CMBS Delinquency Rate Resumes Decline

After a brief uptick in October the commercial mortgage-backed delinquency rate resumed its long-term downward trajectory in November, reported Trepp LLC, New York.

The delinquency rate began to fall steadily in June 2017. It has dropped in 15 of the 17 months since then, Trepp reported.

The overall delinquency rate for U.S. commercial real estate loans in CMBS now equals 3.33 percent, down nine basis points from October, Trepp said. The November rate represents a new low for the reading since the financial crisis. The delinquency rate peaked at 10.34 percent in July 2012.

Brian Olasov, Executive Director of Financial Services Consulting with Carlton Fields, New York, said our collective perceptions have changed when we look for signs of cracks in CMBS. He noted nearly three-quarters of all specially serviced loans are from legacy CMBS, meaning only six-tenths of one percent of CMBS 2.0 loans are in special servicing at the moment. “At the same time, almost two-thirds of CMBS delinquencies–which includes REO–are in REO form,” he said. “As these REO assets liquidate out of trusts and as legacy loans evaporate, delinquency percentages will continue to drop.”

Though credit quality on CMBS 2.0 loans shows some statistical deterioration, the number of problem loans and realized losses have been low by any historic measurement, Olasov said. “The surprise doesn’t come from the deterioration, but the fact that the deterioration this late in the cycle has been so mild,” he said.

Fitch Ratings, New York, updated its view on each of the four main CMBS property types. It said the multifamily and office sectors are “peaking” while the hotel sector has peaked and the retail sector has entered the “declining” stage of the cycle. “The multifamily market remains strong and demographics continue to favor the multifamily sector,” Fitch said. “As Fitch still considers the sector to be approaching a peak, Fitch expects to cap revenues at year-end 2017 levels.”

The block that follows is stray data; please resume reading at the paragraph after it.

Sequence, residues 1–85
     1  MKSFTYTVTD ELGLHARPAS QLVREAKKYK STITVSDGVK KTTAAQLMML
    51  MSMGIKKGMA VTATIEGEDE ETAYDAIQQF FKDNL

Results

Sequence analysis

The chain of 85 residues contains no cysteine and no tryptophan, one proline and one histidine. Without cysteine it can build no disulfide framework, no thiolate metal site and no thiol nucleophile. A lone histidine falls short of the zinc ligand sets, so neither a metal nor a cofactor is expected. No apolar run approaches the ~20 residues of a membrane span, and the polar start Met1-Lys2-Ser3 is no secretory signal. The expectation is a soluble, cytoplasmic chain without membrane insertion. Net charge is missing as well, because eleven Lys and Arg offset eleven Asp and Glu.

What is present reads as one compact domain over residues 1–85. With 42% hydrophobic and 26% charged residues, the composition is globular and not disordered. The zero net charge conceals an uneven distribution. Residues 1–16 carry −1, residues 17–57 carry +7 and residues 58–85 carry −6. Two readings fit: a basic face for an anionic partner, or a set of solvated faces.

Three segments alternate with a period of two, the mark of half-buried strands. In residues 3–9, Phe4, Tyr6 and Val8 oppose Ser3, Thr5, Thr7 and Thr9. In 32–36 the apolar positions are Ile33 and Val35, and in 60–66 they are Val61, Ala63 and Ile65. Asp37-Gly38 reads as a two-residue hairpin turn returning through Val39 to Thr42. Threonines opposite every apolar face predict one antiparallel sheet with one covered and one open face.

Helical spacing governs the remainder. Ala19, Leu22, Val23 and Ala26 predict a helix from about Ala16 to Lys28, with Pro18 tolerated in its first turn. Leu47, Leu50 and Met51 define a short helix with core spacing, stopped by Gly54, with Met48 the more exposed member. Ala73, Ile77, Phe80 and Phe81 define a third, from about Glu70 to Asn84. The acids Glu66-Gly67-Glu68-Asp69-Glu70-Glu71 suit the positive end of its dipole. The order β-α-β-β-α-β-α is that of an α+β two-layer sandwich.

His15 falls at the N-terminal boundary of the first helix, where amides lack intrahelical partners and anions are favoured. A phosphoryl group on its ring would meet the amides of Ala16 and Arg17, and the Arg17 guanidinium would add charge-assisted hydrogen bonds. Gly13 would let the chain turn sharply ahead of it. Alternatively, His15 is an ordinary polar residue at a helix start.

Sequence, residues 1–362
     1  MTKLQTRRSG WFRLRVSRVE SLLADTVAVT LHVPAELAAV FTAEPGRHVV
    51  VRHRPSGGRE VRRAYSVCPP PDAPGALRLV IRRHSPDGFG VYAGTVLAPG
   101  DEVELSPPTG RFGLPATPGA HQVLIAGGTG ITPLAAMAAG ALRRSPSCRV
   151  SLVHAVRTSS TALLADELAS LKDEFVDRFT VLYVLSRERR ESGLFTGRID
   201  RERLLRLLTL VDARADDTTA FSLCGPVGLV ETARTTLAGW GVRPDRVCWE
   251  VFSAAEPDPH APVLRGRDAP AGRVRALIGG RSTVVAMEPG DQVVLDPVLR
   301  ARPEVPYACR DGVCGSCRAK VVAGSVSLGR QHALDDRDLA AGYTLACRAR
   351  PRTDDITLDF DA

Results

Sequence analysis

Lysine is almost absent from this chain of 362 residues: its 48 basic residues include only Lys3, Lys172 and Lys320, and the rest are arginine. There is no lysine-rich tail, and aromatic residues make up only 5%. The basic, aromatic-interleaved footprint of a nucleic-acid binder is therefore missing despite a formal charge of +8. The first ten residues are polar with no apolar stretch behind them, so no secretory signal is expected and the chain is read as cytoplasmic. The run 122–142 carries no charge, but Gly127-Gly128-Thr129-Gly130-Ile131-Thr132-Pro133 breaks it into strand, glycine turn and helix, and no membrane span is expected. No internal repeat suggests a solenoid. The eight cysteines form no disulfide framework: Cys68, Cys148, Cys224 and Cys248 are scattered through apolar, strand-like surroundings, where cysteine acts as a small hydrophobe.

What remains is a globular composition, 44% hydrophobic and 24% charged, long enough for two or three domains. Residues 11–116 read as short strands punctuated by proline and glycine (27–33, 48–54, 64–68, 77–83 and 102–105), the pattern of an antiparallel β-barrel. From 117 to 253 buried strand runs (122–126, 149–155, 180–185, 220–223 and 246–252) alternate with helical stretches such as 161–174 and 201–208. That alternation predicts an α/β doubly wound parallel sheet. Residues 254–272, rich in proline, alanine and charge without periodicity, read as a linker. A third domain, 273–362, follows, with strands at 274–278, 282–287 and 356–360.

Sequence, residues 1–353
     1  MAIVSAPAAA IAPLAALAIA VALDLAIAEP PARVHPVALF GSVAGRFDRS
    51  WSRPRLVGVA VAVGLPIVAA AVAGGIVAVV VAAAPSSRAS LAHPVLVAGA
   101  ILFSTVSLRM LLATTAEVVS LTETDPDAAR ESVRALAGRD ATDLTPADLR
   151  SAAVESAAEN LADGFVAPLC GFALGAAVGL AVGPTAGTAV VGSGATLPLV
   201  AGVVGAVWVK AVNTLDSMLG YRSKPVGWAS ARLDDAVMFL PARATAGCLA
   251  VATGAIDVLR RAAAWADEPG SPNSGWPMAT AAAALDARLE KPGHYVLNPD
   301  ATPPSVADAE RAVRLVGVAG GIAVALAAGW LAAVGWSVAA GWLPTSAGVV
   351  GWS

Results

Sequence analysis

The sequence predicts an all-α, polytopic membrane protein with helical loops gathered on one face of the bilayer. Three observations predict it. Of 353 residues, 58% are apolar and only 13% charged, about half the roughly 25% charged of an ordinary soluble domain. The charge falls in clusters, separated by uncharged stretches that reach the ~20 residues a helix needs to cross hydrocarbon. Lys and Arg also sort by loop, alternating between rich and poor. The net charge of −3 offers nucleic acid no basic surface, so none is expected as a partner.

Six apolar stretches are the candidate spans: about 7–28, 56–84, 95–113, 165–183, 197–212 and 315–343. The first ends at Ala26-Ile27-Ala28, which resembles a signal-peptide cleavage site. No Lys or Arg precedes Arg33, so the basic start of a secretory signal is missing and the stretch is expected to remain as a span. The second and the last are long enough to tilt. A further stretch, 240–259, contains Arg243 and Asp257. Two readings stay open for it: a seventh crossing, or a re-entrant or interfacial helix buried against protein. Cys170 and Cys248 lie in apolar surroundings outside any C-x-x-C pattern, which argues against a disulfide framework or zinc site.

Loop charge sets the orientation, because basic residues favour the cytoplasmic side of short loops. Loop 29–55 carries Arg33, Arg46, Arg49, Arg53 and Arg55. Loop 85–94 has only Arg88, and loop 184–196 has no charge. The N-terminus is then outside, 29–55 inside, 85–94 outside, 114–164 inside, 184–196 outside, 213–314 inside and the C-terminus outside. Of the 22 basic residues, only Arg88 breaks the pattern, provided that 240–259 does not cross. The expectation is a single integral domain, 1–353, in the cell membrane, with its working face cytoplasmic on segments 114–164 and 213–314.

The office vacancy rate held steady in the third quarter at 16.6 percent, up just 20 basis points from a year ago. But this seemingly benign increase conceals vast differences between poor-performing markets such as Greensboro/Winston-Salem, N.C. with a 25.2 percent vacancy rate and Dayton, Ohio (28.8 percent vacancy) and healthier markets including New York with an 8.1 percent vacancy rate and San Francisco (9.3 percent vacancy).

“Fitch continues watching for the impact of deliveries of large amounts of new (office) supply expected through 2019,” the report said.

As the hotel sector outlook moves past “peaking” to “peaked,” Fitch said it continues to limits occupancy, average daily rate and revenue per available room metrics to 2014 levels as a starting point when studying individual hotel cash flows for sustainability. “Leisure transient demand remains strong, though it is more vulnerable to fluctuation as it is sensitive to gasoline prices, airline ticket prices and other travel-related considerations,” the report said.

“Both consumer confidence and consumer spending levels remain very strong as of September. Corporate demand may level off in the coming months as U.S. trade policies affect business spending and investment.”

Hotel supply growth is hovering around its 2 percent long-term average and will likely remain at or above demand for the balance of this upcycle, Fitch said.

Meanwhile, tenant bankruptcies and store closings continue to take a toll on the declining retail sector, Fitch said. Sears, David’s Bridal, Gap and Lowe’s Home Improvement Centers have all either filed for bankruptcy or announced more than 50 North American store closings over the past three months.

“Class B malls, particularly those with weak anchor tenants, located in markets with dominant malls or located in secondary/tertiary markets with demographics insufficient to support multiple malls, remain a concern in the retail sector,” Fitch said.